Big picture

Very quietly, India vs New Zealand has become a classic little rivalry. It fits the biggest stages and produces some heart-stopping moments. Martin Guptill's throw to run MS Dhoni out. Ross Taylor's pull to seal the title. Rohit Sharma producing the best batting ever seen in a Super Over. Having bubbled away for a while - especially this year when two of their last three T20Is have ended up as ties - this is where it's all going to blow up.

Both teams come into this game knowing they haven't been good enough. However, those early losses will also have provided valuable lessons. Virat Kohli and Kane Williamson will now know what to guard against to ensure the best chance of victory. For India, that's making sure they don't lose early wickets. It's no easy task when Trent Boult is among the opposition, but, surviving the powerplay with minimal losses usually means they are set up to do maximum damage later on.

New Zealand's focus will be on the other end of the innings. The experiments with their batting order - Daryl Mitchell as opener, James Neesham at No. 4 - didn't take against Pakistan and while that was another sign of their willingness to drop pre-set plans and do what the conditions dictate to win a match - it robbed them of a bit of stability. They did not have a recognised finisher at the crease when the death overs came around and they paid the price for it.

Form guide

(Last five completed matches, most recent first)

India: LLLWW
New Zealand: LWLWL

In the spotlight

Hardik Pandya has started bowling in the nets again. And while it was only a 20-minute session, it has the potential to be game-changing for India's prospects at this World Cup. Having their star allrounder back means they have more options, which in turn allows the captain to ration overs from his best bowlers better. Jasprit Bumrah, for example, can be used exclusively at the death. Varun Chakravarthy can bowl his mystery spin in the powerplay. The entire bowling plan changes if Hardik is in the mix.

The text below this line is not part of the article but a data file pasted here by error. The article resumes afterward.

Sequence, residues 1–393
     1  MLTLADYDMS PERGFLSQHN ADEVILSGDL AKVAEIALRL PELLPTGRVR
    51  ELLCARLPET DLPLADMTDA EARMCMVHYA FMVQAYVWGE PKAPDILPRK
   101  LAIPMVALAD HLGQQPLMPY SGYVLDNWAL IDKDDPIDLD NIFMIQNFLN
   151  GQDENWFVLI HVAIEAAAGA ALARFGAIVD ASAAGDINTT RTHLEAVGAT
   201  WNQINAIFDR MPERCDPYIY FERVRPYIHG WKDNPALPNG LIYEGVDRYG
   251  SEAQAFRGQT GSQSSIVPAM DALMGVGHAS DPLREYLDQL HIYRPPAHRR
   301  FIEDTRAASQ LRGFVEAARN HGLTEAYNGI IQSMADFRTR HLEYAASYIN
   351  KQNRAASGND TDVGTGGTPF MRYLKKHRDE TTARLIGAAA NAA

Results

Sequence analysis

Devon Conway has enjoyed a stellar start to his career. He uprooted his life in South Africa and bet it all on New Zealand and the upshot of that was a world title within his first year of international cricket. He's now on the hunt for another, and his ability to cope with most kinds of bowling mark him out as a key figure in this batting line-up.

Team news

India tend not to be a team that makes too many changes, but they may yet be tempted to include Shardul Thakur, who has been in electric form ever since the tour of England, in place of Bhuvneshwar Kumar, who has been off-colour.

India (probable): 1 Rohit Sharma, 2 KL Rahul, 3 Virat Kohli (capt), 4 Suryakumar Yadav, 5 Rishabh Pant (wk), 6 Hardik Pandya, 7 Ravindra Jadeja, 8 Shardul Thakur/Bhuvneshwar Kumar, 9 Mohammed Shami, 10 Varun Chakravarthy, 11 Jasprit Bumrah

Martin Guptill did not field in New Zealand's last game after sustaining a blow to his left toe, but he has turned up well in training and is expected to make the XI. Adam Milne, who is now available for selection, may be a contender to take Tim Southee's spot in the XI

New Zealand (probable): 1 Martin Guptill, 2 Daryl Mitchell, 3 Kane Williamson (capt), 4 Devon Conway, 5 Glenn Phillips, 6 James Neesham, 7 Tim Seifert (wk), 8 Mitchell Santner, 9 Tim Southee/Adam Milne, 10 Ish Sodhi, 11 Trent Boult

Pitch and conditions

Teams batting second have won 14 of the 18 T20s played in Dubai this year. So don't be surprised if the captain winning the toss tomorrow immediately opts to bowl.

Stats and trivia

  • Rohit Sharma has been dismissed thrice each by Trent Boult, Tim Southee and Mitchell Santner in T20s.
  • Mohammed Shami has dismissed Kane Williamson four times in T20s, giving away 49 runs in 37 balls.
  • Until 2016, New Zealand had never lost a T20I to India. Since then, they've lost 8 of 11.

Alagappan Muthu is a sub-editor at ESPNcricinfo